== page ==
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Sunday, January 20, 2008


Well - my last post shows that I have spent a good deal of time reading. Naturally I gravitated to one of my favourite poets, Rudyard Kipling. As usual, he has a word for the occasion - and this one was the following (bearing in mind my last miserable posting):
"The cure for this ill is not to sit still
And frowst with a book by the fire.
But take a large hoe and a shovel also
And dig 'til you gently perspire"
The hoe and shovel did not inspire so I very reluctantly dragged the bicycle from the garage and set out against a 40 mile per hour westerly wind across country. The sky was heavy, overcast with scudding grey clouds, but no rain.
As I rode down towards the Marsh the sun succeeded in giving a brief flash of light, which I managed to take advantage of for a picture:
Then it disappeared as quickly as it came and I slogged some 10 miles across the bleak flats against the wind to a remote garden centre with a good cafe. Warmth and calm. Toasted, buttered teacake and good coffee.
Then back on the bike and making the turn towards home resulted in the wind now being behind me. Exhilaration! The bike flew with the utter silence of no air past the ears, reminding me of Masefield's lines from "The Everlasting Mercy":
"Along a dim road, on and on,
Knowing again the bursting glows
The mating hare in April knows.
Who tingles to the pads with mirth
At being the swiftest thing on earth."
I took a lane where I know the first primroses bloom in Spring - usually in late February. My reward for making the effort today was the sight, sheltered from wind and frosts and facing any sun, of the first, solitary clump of the year - in January, no less!
I got home tired and tingling after some 25 miles of blowing weather, ("Better than mortar, brick and putty / Is God's house on a blowing day" - origin of quote, anyone?) the "Black Dog" having been lost on the way somewhere (he has not caught up with me again yet!)
Thanks Kipling - just the right medicine.


Lucy said...

Amazing to see primroses so early, I saw a clump the other day, and a daffodil in a garden too. And the mistle thrushes tuning up...
Fine post with lovely pictures.

herhimnbryn said...

Ah me, sigh!
Good post and the sight of those primroses is uplifting.
Don't know the last quote so will now go and look it up!

Tall Girl said...

beautiful light in the first picture...amazed you have seen primroses already! What a great tonic that all sounds!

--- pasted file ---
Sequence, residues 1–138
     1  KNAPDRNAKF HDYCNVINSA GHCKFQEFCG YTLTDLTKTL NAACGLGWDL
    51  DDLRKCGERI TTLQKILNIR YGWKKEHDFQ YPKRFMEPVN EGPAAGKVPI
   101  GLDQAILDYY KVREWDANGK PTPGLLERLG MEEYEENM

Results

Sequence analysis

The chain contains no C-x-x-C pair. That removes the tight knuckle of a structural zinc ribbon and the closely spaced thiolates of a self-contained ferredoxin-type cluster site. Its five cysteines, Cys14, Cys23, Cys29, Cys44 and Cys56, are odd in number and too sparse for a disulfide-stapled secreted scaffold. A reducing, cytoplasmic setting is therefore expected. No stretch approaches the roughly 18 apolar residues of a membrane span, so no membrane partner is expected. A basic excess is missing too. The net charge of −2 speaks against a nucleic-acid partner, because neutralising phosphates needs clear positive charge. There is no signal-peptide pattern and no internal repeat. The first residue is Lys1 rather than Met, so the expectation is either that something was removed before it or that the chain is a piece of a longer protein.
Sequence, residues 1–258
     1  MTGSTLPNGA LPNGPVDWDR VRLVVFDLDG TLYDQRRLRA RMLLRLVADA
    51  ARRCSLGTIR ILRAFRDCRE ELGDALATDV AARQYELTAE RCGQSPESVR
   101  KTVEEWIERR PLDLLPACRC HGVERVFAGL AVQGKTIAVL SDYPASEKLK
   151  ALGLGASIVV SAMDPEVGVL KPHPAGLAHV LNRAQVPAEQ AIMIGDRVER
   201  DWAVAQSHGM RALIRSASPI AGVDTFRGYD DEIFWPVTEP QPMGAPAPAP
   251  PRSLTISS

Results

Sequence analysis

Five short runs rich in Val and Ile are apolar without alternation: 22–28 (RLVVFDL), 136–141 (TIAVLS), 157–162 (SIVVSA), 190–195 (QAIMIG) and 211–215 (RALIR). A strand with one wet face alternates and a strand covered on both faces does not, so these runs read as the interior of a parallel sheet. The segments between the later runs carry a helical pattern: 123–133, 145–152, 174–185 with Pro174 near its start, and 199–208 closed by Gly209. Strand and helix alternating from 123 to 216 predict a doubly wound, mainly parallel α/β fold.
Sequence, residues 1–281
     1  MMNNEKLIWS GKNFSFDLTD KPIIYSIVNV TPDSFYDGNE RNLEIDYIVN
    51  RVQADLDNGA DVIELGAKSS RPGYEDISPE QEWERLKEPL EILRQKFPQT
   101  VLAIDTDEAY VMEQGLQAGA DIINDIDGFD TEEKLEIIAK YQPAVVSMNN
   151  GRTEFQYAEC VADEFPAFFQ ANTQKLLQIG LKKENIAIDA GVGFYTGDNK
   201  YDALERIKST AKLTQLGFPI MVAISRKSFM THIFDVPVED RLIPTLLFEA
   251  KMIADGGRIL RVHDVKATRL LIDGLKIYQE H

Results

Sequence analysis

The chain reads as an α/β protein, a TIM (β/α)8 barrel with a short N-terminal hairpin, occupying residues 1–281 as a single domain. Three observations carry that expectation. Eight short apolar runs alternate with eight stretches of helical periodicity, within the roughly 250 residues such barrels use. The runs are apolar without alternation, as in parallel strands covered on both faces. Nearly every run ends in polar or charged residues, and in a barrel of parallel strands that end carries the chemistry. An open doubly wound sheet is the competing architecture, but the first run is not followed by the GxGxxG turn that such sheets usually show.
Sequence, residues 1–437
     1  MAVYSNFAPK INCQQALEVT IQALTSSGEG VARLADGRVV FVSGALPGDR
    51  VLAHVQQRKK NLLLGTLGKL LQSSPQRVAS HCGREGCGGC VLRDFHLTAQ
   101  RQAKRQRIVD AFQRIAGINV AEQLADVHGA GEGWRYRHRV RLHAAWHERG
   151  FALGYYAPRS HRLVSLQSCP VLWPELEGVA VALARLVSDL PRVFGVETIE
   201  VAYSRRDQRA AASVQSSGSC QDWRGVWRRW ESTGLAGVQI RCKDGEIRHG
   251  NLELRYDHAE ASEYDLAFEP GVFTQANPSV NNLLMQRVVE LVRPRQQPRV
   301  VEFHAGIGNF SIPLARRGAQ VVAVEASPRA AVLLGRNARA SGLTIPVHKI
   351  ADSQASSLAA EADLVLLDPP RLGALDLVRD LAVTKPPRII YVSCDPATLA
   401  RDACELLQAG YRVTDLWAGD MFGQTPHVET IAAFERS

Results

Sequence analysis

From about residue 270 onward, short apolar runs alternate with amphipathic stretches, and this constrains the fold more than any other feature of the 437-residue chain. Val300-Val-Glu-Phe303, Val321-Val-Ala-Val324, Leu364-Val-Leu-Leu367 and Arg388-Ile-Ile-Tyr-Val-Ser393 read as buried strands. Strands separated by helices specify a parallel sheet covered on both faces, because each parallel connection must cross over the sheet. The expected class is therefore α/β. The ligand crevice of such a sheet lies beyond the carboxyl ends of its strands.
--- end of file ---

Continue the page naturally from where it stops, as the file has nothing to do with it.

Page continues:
chiefbiscuit said...

Glad you're feeling better for the exercise - what a feat! But well worth it by the sounds of it. I could feel the cold air just looking at the photos and reading your words.
Beautiful primroses - so English. (I like the promise that resides in their nature and in their name.)
The poetry you have quoted is perfect.

Avus said...

Yes folks - the primroses were uplifting. No one seems to have picked up the author of the quote yet, though!
Clue (G.M.)

Lee said...

Yes, Kipling knew what was good. Then the black dog is loose, there is a lot of value in getting out and doing something.

Nea said...

A beautiful post Avus, and what a wonderful surprise the primroses. Primroses will always remind me of my dear grandmother. They were her favorites. I would love to live in a place that grows them so well...... I think you are right, a bike ride is a good answer for a bleak day. along with a little Kipling....:):) And a wee bit of sunshine to brighten your path. A ride, a sip of tea and a bit of poetry.......all welcome to me this day. (big smile)

Vita said...

Thank you for the greeting. What a lovely post. Your bicycle rides are my favorites. I don't see any slugs on that primrose. Glad you shook off the black dog.

Avus said...

Yes a "little Kipling" is good. (Question to young lady: "do you like Kipling?" Answer: "I don't know, I have never Kippled". (Acknowledgements to Punch magazine about 1900!)
Vita: Great to have you back, glad you liked the post.

Granny J said...

This being winter, your countryside looks gorgeous already!

Avus said...

Granny: Some would call it "global warming" - I just reckon natural and ongoing climate fluctuations, bearing in mind the Earth's past history.

Avus said...

Well - no-one managed to find the origin of the quote, so I thought I would do a post on it (see later posting)

Wenda said...

What a lovely quiet-looking lane!

Molly said...

Kith and kin advised a visit here and I'm so glad! Do not find Roman shields even mildly riveting[yawn], but persisted, as instructed....
Oh, primroses! I do miss primroses. I did enjoy accompanying you on your bicycle, and hearing about God's house on a blowing day, and the hare tingling with mirth....and the warm cafe with buttered teacakes. Hmmmm.....I may have to come back....